A recent result of Woodin is that every cardinal below $\Theta$ is in a sense of large cardinal character. More precisely, it is Jónsson, or stronger. Again, this is easier to prove under the assumption that $V=L(\mathbb R)$, but holds in full generality. The argument can be seen in this recent preprint in the ArxiV.

The precise pattern of Jónsson cardinals under determinacy is still under investigation, but a nice place to start is the book

Eugene Kleinberg. Infinitary combinatorics and the axiom of determinateness, Lecture Notes in Mathematics 612, Springer-Verlag, Berlin-New York, 1977. MR0479903 (58 #109).

Kleinberg realized that the regular cardinals under determinacy are controlled by partition properties, and the size of certain ultrapowers. This proved key for many results that followed. Moreover, the investigation of infinite exponent partition relations became an important part of the combinatorics of $\mathsf{AD}$. Under choice every infinite exponent relation fails.

The study of non-well-orderable cardinals under $\mathsf{AD}$ is just starting, but there are already significant results, showing that many complicated partial orders can be embedded into the ordering of these cardinals. For example, in

W. Hugh Woodin. The cardinals below $|[\omega_1]^{<\omega_1}|$. Ann. Pure Appl. Logic 140 (1-3), (2006), 161–232. MR2224057 (2007k:03136),

Woodin shows that (in the theory $\mathsf{AD}(\mathbb R)+\mathsf{DC}$) one can find $\Theta$-decreasing sequences, or $\Theta$ many incomparable cardinals, and much more. Here, $\mathsf{AD}(\mathbb R)$ is the strengthening of determinacy where we allow real (rather than integer) moves in our games. In another direction, we have that under determinacy $\mathbb R$ and $\omega_1$ have incomparable cardinalities, and they are both successors of $\omega$. And the cardinality of $\mathbb R$ has several cardinal successors, one of which is the quotient $\mathbb R/\mathbb Q$, where two reals are identified iff their difference is rational. Yes: A quotient has larger size than the original set. See here for more on this.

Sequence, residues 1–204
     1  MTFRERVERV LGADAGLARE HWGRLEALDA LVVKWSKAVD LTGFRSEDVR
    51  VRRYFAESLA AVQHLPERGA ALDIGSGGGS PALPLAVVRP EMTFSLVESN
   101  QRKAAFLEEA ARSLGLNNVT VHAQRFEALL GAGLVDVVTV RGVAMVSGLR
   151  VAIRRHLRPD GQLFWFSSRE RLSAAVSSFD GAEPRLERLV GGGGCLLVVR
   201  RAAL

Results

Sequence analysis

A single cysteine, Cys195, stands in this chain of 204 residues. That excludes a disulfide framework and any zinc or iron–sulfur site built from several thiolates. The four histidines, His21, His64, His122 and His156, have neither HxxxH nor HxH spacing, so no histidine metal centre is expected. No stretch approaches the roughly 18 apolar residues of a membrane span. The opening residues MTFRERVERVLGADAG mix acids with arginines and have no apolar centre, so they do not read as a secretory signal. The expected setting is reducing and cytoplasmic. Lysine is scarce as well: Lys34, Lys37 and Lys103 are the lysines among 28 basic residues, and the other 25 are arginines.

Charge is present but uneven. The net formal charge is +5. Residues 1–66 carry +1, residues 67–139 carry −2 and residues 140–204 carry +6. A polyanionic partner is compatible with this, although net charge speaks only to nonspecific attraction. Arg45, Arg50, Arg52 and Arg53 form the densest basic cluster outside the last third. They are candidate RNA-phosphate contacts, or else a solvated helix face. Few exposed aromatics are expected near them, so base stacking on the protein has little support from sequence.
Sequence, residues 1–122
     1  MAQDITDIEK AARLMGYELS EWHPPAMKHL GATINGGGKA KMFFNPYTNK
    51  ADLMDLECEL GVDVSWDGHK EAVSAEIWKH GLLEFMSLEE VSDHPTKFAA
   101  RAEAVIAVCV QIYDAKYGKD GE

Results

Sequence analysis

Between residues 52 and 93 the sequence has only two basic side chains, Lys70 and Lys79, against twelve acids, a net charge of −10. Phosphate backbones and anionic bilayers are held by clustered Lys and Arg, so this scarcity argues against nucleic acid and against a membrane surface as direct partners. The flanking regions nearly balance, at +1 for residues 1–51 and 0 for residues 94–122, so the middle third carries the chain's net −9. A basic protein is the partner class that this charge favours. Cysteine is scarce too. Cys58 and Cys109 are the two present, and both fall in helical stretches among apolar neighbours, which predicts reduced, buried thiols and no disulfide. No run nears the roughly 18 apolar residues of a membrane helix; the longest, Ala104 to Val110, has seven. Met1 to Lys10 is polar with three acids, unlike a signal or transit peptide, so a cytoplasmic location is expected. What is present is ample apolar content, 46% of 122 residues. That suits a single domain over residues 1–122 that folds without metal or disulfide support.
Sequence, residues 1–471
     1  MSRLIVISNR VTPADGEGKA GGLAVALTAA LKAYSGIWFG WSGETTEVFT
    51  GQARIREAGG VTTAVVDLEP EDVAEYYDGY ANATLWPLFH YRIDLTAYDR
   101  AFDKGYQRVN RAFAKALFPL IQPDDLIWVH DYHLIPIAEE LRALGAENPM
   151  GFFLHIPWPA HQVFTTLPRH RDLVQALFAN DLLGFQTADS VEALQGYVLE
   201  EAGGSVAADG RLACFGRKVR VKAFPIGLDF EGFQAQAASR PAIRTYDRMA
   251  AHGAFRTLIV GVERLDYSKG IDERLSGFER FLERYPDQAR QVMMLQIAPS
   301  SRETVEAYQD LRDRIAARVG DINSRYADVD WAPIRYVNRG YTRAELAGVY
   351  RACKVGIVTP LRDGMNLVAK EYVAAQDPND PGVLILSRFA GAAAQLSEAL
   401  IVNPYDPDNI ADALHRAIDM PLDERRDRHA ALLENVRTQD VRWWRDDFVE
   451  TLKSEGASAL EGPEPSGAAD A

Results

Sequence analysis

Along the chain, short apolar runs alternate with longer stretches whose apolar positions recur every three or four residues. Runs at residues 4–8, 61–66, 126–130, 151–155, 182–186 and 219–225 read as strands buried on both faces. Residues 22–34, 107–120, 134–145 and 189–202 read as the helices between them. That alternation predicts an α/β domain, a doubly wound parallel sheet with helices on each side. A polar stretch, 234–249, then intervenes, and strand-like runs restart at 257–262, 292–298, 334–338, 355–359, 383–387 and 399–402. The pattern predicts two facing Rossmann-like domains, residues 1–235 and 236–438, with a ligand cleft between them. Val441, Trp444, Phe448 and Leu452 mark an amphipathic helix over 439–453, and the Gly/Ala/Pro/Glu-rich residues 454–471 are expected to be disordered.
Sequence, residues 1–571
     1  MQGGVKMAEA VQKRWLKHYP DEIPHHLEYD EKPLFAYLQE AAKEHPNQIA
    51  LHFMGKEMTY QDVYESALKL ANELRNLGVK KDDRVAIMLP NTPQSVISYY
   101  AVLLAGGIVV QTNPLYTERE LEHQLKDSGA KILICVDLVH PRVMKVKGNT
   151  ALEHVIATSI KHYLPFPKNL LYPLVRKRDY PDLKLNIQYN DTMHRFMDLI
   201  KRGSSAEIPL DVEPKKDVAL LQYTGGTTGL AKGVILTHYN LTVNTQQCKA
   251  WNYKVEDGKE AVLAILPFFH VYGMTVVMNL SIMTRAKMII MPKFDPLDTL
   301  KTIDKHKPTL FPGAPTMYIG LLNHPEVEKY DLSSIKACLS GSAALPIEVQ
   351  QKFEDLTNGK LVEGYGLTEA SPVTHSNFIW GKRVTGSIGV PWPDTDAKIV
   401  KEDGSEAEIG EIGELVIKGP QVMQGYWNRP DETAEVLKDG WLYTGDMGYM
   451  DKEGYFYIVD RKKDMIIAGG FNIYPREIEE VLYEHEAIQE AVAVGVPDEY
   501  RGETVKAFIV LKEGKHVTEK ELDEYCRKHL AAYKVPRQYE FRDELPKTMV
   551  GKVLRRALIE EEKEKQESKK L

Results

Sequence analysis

I'll stop here, but what I've mentioned is really just scratching the surface. You may want to look at chapter 6 of Kanamori's book for more information, or at the beginning of my paper with Richard Ketchersid on a trichotomy result for additional, recent results, and some details on $\mathsf{AD}^+$.

The above being said, in the comments Douglas Zare points out that whether some of these consequences seem unintuitive depends on whether we consider choice and its consequences intuitive or not. Actually, if we are agnostic about $\mathsf{AC}$, many consequences of $\mathsf{AD}$ are natural. The idea is that the sets of reals in an $\mathsf{AD}$ model provide us with a natural class of "definable" sets, extending definability classes such as those coming from the interplay of logic and analysis (Borel or $\Delta^1_1$, projective or $\Sigma^1_n$, etc). A recent theme is that certain properties of simply definable sets of reals provable in $\mathsf{ZF}+\mathsf{DC}_{\mathbb R}$, extend to all sets of reals under determinacy. The pattern of uniformization for projective sets is a classical example of this. A striking recent development in descriptive set theory, due to Ben Miller, is that most classical dichotomy theorems in descriptive set theory are soft consequences of graph-theoretic dichotomies via Baire category arguments, see

Benjamin Miller. The graph-theoretic approach to descriptive set theory. Bulletin of Symbolic Logic, 18 (4), (2012), 554-575.